The above story is based on materials provided by Johns Hopkins Medical Institutions. Note: Materials may be edited for content and length.


Cite This Page:

Johns Hopkins Medical Institutions. "Blood Markers May Reflect Newborns' Potential Of Contracting HIV." ScienceDaily. ScienceDaily, 21 January 2002. <www.sciencedaily.com/releases/2002/01/020121091108.htm>.
Johns Hopkins Medical Institutions. (2002, January 21). Blood Markers May Reflect Newborns' Potential Of Contracting HIV. ScienceDaily. Retrieved October 24, 2014 from www.sciencedaily.com/releases/2002/01/020121091108.htm
Johns Hopkins Medical Institutions. "Blood Markers May Reflect Newborns' Potential Of Contracting HIV." ScienceDaily. www.sciencedaily.com/releases/2002/01/020121091108.htm (accessed October 24, 2014).

Share This



More Mind & Brain News

Friday, October 24, 2014

Featured Research

from universities, journals, and other organizations


Featured Videos

from AP, Reuters, AFP, and other news services

Academic Scandal Shocks UNC

Academic Scandal Shocks UNC

AP (Oct. 23, 2014) A scandal involving bogus classes and inflated grades at the University of North Carolina was bigger than previously reported, a new investigation found. (Oct. 23) Video provided by AP
Powered by NewsLook.com
Working Mother Getaway: Beaches Turks & Caicos

Working Mother Getaway: Beaches Turks & Caicos

Working Mother (Oct. 22, 2014) Feast your eyes on this gorgeous family-friendly resort. Video provided by Working Mother
Powered by NewsLook.com
What Your Favorite Color Says About You

What Your Favorite Color Says About You

Buzz60 (Oct. 22, 2014) We all have one color we love to wear, and believe it or not, your color preference may reveal some of your character traits. In celebration of National Color Day, Krystin Goodwin (@kyrstingoodwin) highlights what your favorite colors may say about you. Video provided by Buzz60
Powered by NewsLook.com
First-Of-Its-Kind Treatment Gives Man Ability To Walk Again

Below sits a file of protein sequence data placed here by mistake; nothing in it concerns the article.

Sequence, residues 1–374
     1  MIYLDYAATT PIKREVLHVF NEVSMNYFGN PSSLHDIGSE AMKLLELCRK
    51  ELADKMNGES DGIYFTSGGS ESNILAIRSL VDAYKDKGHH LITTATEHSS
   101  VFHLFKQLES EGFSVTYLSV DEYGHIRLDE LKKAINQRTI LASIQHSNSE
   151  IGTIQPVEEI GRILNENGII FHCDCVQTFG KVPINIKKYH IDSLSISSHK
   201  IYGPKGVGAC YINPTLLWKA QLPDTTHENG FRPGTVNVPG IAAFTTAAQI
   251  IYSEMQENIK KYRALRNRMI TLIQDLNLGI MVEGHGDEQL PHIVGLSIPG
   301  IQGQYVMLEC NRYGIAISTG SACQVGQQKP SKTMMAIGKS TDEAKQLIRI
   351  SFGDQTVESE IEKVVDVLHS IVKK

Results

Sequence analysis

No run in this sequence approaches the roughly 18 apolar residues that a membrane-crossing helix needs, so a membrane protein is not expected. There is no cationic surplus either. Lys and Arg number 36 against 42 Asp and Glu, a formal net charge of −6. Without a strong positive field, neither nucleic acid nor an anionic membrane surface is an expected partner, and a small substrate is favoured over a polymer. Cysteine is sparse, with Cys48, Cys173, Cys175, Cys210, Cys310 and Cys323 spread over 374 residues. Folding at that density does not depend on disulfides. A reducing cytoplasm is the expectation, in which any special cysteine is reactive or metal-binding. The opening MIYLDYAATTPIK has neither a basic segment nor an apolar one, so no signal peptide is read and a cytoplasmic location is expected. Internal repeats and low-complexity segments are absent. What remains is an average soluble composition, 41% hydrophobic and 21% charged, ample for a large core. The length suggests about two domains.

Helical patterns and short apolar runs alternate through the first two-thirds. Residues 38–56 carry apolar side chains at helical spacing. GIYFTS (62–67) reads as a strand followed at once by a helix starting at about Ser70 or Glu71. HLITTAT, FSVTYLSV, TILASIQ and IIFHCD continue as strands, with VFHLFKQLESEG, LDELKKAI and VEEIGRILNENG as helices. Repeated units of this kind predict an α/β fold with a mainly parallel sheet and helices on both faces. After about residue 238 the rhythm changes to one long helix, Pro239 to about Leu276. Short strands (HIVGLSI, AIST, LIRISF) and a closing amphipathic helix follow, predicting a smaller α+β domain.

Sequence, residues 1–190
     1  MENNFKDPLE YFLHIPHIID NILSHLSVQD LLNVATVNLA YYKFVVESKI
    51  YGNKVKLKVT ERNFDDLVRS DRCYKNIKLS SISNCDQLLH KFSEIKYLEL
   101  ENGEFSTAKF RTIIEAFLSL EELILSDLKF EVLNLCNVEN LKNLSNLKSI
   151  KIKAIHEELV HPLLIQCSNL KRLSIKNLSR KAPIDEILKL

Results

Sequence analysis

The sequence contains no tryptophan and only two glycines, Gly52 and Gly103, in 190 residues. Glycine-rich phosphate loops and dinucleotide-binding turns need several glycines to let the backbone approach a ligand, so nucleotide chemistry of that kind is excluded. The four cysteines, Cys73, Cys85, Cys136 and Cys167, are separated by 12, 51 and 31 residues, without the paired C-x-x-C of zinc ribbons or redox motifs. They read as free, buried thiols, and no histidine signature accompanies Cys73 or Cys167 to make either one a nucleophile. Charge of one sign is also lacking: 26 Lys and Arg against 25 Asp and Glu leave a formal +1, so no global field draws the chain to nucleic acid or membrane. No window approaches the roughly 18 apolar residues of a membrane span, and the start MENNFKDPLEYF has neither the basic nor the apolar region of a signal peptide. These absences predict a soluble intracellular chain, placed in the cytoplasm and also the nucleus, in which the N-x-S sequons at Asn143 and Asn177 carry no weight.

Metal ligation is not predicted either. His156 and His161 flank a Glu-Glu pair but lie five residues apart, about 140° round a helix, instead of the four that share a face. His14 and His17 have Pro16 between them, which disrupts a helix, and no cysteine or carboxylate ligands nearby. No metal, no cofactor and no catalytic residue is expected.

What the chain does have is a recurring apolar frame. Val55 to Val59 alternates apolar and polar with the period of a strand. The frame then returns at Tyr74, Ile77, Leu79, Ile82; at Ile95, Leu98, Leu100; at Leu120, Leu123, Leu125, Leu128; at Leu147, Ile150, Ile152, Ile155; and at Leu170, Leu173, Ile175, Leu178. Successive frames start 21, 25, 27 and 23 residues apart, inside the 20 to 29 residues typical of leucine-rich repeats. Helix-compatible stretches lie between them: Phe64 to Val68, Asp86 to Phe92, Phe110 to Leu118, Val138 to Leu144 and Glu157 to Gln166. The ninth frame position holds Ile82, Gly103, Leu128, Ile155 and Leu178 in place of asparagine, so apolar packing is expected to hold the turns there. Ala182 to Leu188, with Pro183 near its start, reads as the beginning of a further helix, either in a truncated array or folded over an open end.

First-Of-Its-Kind Treatment Gives Man Ability To Walk Again

Newsy (Oct. 21, 2014) A medical team has for the first time given a man the ability to walk again after transplanting cells from his brain onto his severed spinal cord. Video provided by Newsy
Powered by NewsLook.com

Search ScienceDaily

Number of stories in archives: 140,361

Find with keyword(s):
Enter a keyword or phrase to search ScienceDaily for related topics and research stories.

Save/Print:
Share:

Breaking News:

Strange & Offbeat Stories


Health & Medicine

Mind & Brain

Living & Well

In Other News

... from NewsDaily.com

Science News

Health News

Environment News

Technology News



Save/Print:
Share:

Free Subscriptions


Get the latest science news with ScienceDaily's free email newsletters, updated daily and weekly. Or view hourly updated newsfeeds in your RSS reader:

Get Social & Mobile


Keep up to date with the latest news from ScienceDaily via social networks and mobile apps:

Have Feedback?


Tell us what you think of ScienceDaily -- we welcome both positive and negative comments. Have any problems using the site? Questions?
Mobile: iPhone Android Web
Follow: Facebook Twitter Google+
Subscribe: RSS Feeds Email Newsletters
Latest Headlines Health & Medicine Mind & Brain Space & Time Matter & Energy Computers & Math Plants & Animals Earth & Climate Fossils & Ruins